Let’s paint a blue watercolor iris!
It is such an elegant flower that we could not miss it, besides one of our followers on Instagram mentioned it as an interesting topic to paint. And we listen to our followers ?
Did you know that the name Iris comes from the name of the Greek goddess of the rainbow?
We are going to get charged with the Rainbow energy, maybe get inspired by some of Vincent van Gogh’s iris paintings and dive into watercoloring our blue flower!
Let’s start with the materials.
- I used cellulose paper for this painting (Canson Montval). We won’t apply wide washes or use wet-on-wet technique, so no need to use expensive 100% cotton paper.
- Cold press is a good texture for this artwork. You can as well go with hot press if you prefer to have a perfectly smooth surface.
- My paper sheet is pretty modest in size, around A4 big. But feel free to take a bigger paper sheet to feel more free with your brush strokes.
- I used Rosa watercolor set and other brands that are already squeezed into my palette. The color range is not crazy, you would need a couple of blues, pink, green, and yellow.
- I used a medium size round natural brush (squirrel) for the largest washes (which are not that large considering the size of my painting).
- A smaller brush would be also needed for the details and small petals. Take a round synthetic brush (size #1-3) with a pointy tip.
- Sharp thin pencil for a sketch. You want to be precise and keep the work clean. So I used an automatic pencil with a super thin lead.
- Clean water.
- Paper tissues.
- Tape is optional since we won’t use wet techniques.
Watercolor Iris Tutorial
Take the time to properly evaluate a photo reference of our iris and sketch it out carefully. Be specific and avoid dark sharp pencil lines. That’s why a thin automatic pencil will do a good job here.
Here is a photo reference:
Here is also our sketch of the Iris:
Total Time: 1 hour
I chose the largest front petal for my first layer. Mix blue (I used a mix of Turquoise and Indanthrene), add enough water to achieve a watery mix and make a stroke.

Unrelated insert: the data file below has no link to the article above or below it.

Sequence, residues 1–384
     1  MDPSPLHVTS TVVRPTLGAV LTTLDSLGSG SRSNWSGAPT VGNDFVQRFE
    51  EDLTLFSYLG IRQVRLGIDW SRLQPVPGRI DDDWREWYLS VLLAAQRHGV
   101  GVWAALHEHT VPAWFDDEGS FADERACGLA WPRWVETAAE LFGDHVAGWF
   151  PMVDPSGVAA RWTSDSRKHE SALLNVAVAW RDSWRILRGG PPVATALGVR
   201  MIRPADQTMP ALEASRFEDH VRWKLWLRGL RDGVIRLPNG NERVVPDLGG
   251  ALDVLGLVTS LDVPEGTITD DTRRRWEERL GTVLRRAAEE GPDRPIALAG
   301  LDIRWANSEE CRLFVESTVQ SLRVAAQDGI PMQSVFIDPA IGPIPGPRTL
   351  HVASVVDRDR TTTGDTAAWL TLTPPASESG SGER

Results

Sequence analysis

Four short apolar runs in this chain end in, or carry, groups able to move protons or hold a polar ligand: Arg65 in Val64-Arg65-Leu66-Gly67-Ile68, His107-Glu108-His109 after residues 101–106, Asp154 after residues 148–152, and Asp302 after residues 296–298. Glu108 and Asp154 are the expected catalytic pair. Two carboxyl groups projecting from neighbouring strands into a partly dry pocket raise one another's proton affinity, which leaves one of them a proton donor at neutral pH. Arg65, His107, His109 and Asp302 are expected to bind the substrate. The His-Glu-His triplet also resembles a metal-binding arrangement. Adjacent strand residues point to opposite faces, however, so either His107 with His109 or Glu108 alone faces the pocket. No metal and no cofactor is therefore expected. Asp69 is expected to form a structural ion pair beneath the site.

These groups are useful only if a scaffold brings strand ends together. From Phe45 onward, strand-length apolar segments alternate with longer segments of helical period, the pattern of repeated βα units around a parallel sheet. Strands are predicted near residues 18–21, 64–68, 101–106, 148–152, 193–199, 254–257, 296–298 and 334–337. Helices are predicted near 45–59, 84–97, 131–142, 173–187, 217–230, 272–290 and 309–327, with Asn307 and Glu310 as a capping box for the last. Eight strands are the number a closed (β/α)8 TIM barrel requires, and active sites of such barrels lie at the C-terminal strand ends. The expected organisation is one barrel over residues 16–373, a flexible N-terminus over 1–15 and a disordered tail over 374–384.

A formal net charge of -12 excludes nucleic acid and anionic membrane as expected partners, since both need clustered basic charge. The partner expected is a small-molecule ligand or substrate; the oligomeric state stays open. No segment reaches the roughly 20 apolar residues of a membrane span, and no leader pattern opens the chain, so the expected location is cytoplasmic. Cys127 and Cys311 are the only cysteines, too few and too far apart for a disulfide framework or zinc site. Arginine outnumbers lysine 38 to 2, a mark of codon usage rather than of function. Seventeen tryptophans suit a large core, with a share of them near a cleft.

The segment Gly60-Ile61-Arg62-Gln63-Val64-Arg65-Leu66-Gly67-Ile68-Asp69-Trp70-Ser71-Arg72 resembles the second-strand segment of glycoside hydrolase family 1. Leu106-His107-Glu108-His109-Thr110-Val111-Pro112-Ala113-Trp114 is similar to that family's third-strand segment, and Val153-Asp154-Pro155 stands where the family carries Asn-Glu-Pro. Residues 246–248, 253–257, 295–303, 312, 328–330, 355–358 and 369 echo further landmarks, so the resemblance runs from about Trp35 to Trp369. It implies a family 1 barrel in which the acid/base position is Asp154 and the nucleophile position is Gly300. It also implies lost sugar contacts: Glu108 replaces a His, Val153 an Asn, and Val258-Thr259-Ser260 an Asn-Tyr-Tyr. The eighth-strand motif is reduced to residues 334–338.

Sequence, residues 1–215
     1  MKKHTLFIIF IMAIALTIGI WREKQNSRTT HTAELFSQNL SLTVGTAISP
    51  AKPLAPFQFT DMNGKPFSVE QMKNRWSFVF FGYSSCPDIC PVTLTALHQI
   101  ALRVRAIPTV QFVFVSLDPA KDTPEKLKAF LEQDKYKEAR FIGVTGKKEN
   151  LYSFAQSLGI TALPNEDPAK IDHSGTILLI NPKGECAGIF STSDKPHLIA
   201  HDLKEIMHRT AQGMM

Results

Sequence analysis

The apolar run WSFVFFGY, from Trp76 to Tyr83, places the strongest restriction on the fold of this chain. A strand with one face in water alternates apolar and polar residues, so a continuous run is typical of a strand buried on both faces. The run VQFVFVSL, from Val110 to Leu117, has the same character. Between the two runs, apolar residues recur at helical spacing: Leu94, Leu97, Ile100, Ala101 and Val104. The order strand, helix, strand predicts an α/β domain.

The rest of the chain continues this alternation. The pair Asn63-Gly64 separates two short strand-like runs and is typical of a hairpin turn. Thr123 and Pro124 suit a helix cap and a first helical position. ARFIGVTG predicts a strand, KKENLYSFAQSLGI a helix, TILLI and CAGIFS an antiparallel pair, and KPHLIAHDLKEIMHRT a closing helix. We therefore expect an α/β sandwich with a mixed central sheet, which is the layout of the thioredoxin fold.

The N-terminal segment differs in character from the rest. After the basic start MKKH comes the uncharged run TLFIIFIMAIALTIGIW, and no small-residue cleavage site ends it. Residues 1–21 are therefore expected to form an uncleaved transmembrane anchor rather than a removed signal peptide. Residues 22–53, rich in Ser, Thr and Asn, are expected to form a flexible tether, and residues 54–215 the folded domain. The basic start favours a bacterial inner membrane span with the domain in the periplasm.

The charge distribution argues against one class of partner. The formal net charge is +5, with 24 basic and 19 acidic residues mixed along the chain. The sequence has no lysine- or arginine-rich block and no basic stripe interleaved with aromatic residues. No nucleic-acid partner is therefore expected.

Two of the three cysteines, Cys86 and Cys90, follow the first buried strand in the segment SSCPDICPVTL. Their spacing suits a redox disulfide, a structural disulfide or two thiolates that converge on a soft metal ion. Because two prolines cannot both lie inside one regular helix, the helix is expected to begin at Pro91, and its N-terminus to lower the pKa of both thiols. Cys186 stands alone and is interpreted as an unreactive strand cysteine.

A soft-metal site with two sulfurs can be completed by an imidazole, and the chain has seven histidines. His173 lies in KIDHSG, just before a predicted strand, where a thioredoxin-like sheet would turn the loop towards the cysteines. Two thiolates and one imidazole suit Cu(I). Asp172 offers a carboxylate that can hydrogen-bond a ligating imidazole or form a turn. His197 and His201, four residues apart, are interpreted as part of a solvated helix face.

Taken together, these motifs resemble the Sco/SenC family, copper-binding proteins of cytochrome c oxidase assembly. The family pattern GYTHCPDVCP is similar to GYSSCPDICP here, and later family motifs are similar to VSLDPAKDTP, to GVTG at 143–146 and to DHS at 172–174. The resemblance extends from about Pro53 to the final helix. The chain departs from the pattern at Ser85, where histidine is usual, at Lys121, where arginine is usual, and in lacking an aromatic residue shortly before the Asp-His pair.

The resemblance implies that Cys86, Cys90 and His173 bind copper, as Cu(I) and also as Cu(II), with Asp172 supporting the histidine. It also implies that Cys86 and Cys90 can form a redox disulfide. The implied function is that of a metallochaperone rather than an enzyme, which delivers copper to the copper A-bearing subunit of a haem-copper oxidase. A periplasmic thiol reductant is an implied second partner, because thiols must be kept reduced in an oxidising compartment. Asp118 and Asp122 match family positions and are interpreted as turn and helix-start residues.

Use a natural brush to make sure your wash won’t be too dry. Pull it down and cover the petal evenly.
Since you have enough water on your brush the layer will be pretty wet and lay down smoothly.
I added a tiny drop of Quinacridone (any violet/pink will do) to my mix of blue and worked through shadows on the petal. This goes on top of wet layer so colours mix smoothly.
With more concentrated blue tone (Blue Indanthrene) I worked through folds of the petal. Make sure you don’t leave sharp lines on your petal. It is a first wash and you want everything to be blended and smooth.
Our layer is light and transparent, so go ahead and apply another darker tone in between folds, to indicate a shadow in that area. But do it only if needed. If your first shadows already turned out dark enough then skip this step.
I wanted shadows to be more pronounced so that the petal looks to be bent in a few places. So I clarified the lines that demonstrated the bend.
Time to move to other petals. I’ve got blue (Phthalo Blue) which is brighter than my first petal.
Paint that petal by pulling down your first blue stroke and extending it throughout the petal. I also added Raw Sienna (any light brown) to separate from the front petals. With the opposite pointy end of my brush I created (scratched) tiny lines indicating veins of the petal. This looks way more natural than trying to paint the veins with actual brush bristles.